The trumpets used in Vienna usually have a slightly narrower bore than the models with perinet valves used worldwide, which results in a sound richer in partials (i.e. brighter) (see chapter on the horn). In the course of product diversification, one can now also buy perinet trumpets with a narrower bore and triple valve trumpets with a wider bore.

Basically the "Viennese Trumpet" is a slightly modified "German" trumpet and very similar to the typical "Heckel Trumpets". The most obvious feature of this type of instrument is the use of rotary valves.

The Valves

Figures 1 and 2 show both types in blank and in "pressed" position. The sound wave moves from port A to port B. In the pressed position a piece of tube is inserted, so that the instrument becomes a little longer overall and, depending on which valve was pressed, all "natural tones" are deepened by a semitone (2nd valve), a whole tone (1st valve) or one and a half tones (3rd valve).

As in the case of the horn, trumpeters have a largely uniform opinion on the influence of the valves on the tonal microstructure of a binding: Perinet valves are generally said to have "clearer, more abrupt" bindings, rotary valves a "softer" tonal connection...

So exactly the opposite of what is said about the horn!

In fact, a study of the most important "upward" and "downward" bindings in trumpets indicates that more "soft" bindings are possible with instruments equipped with the rotary valve than with the perinet valve trumpets (see Table 1).

The table shows the different proportions of "soft" and "abrupt" bindings for perinet (piston) and rotary valve (rotary) instruments. The bonds falling under the category "medium" are of medium form and cannot be clearly assigned.

Fig.1: Perinet valve
Fig. 2: Rotary valve

Table 1: "upward" and "downward" bindings

How is it possible, for example, that the rotary valve favors more abrupt bindings in the horn and more soft bindings in the trumpet?

The answer: The valve type has no influence whatsoever on the microstructure of the bonds. The reason for the opposite behaviour lies elsewhere, namely in the interaction between the standing wave and the position of the valve stem - i.e. where the valves are located along the course of bore.

This is easy to understand with the trumpet: if the 3rd natural tone is played, the standing wave consists of 3 pressure bellies and 3 pressure nodes over the entire length of the instrument tube. If the 10th natural tone is played, the standing wave has a total of 10 pressure bellies and 10 pressure nodes over the length of the instrument.

  • Pressure belly = at this point the air pressure fluctuates maximum between over- and underpressure.
  • Pressure node = normal air pressure prevails here.

As already mentioned with the Viennese horn, independently of the valve type, an "abrupt" sound connection is formed, separated by a short noise tape, when the valve for the played tone is situated at a location where the standing wave at that tone has a pressure belly.

But if the valve would be placed at a pressure node, this would result in a "soft" binding, where the notes seem to flow into each other like a glissando.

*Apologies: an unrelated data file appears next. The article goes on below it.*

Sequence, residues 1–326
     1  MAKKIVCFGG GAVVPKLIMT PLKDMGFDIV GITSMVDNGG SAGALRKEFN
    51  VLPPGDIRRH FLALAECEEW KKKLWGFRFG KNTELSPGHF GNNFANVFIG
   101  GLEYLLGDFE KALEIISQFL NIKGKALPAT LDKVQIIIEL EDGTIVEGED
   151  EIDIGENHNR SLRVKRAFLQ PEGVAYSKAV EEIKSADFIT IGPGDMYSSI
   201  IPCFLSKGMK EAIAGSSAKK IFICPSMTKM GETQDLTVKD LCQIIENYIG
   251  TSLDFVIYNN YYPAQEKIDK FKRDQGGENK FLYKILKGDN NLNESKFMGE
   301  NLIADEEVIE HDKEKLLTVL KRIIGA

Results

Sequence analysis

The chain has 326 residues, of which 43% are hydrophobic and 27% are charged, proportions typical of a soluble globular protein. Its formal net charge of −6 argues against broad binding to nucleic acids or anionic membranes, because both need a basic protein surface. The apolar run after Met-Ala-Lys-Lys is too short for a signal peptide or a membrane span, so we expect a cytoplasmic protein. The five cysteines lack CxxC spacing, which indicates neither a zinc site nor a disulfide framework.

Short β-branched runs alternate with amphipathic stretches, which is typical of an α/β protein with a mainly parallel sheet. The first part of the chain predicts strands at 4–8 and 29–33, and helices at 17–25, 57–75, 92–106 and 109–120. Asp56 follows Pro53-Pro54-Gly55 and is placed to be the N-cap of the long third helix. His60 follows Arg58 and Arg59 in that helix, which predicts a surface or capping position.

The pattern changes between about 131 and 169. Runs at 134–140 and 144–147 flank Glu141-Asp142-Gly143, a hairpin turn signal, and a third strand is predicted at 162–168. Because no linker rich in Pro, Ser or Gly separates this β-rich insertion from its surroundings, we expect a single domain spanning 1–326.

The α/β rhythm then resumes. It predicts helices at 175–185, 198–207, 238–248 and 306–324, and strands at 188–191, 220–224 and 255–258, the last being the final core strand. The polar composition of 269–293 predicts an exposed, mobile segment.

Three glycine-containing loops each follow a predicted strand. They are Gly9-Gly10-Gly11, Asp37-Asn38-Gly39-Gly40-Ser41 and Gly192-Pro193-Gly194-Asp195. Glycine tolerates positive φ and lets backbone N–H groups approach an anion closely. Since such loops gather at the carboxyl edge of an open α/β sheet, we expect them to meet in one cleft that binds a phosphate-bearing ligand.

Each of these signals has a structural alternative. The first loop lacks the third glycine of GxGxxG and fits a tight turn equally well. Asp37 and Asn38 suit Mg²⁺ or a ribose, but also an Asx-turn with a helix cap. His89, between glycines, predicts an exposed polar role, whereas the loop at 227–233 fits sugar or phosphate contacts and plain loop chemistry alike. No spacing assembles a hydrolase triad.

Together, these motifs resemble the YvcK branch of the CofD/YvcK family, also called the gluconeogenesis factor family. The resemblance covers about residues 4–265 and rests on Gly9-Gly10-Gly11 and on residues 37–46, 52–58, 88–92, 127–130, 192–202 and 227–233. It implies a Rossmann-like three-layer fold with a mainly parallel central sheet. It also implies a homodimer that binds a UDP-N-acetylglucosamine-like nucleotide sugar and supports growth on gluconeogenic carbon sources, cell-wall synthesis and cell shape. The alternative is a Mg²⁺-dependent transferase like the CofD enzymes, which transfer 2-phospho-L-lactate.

Fig. 6 shows that the position of the valve stem on the Viennese (German) trumpet is approx. 23 cm from the mouthpiece beginning. In contrary on the worldwide used perinet valve trumpet the valve stem location measures at least 75 cm from the edge of the mouthpiece.

These different positions of the valve stem just happen to lead to more "soft" bindings on the trumpet with rotary valves. If one were to position the perinet valve at the point where the rotary valve is usually located, then the perinet valve would stand for more "soft" bindings.

Fig. 6: Different position of the valve stem


Fig. 3: Impedance during binding c '' - b ' (valve in pressure belly). The wind player "wanders" with his lip tension change from left front to right back. After the first third of the binding, a steep impedance trench develops, which causes a short noise band in the sound and thus the impression of a "sound separation".
Fig. 4: Same as the previous illustration, only valve positioned in pressure nodes. A wide impedance bridge ensures a continuous transition between the two tones.
Fig. 5: The same valve stem positioned between pressure belly and pressure node (mixed form).

Fig. 7 shows that if the perinet and rotary valves are at the same position on the instrument tube, the bindings also have exactly the same acoustic characteristics!

The diagrams in Fig. 7 are taken from measurements at test positions A and B.

A = 30 cm from the edge of the mouthpiece
B = 43 cm from the edge of the mouthpiece

Fig.7: Situation for the lips of the musician during a binding. The musician "wanders" from the starting note (front left) to the target note (back right). It is clearly visible that if the perinet and rotary valves are in the same position (30 cm above and 43 cm below in the illustration), they have exactly the same acoustic characteristics!

The Viennese trumpets therefore differ slightly from the instruments used worldwide in their timbre (slightly richer in partials) and clearly in their bindings.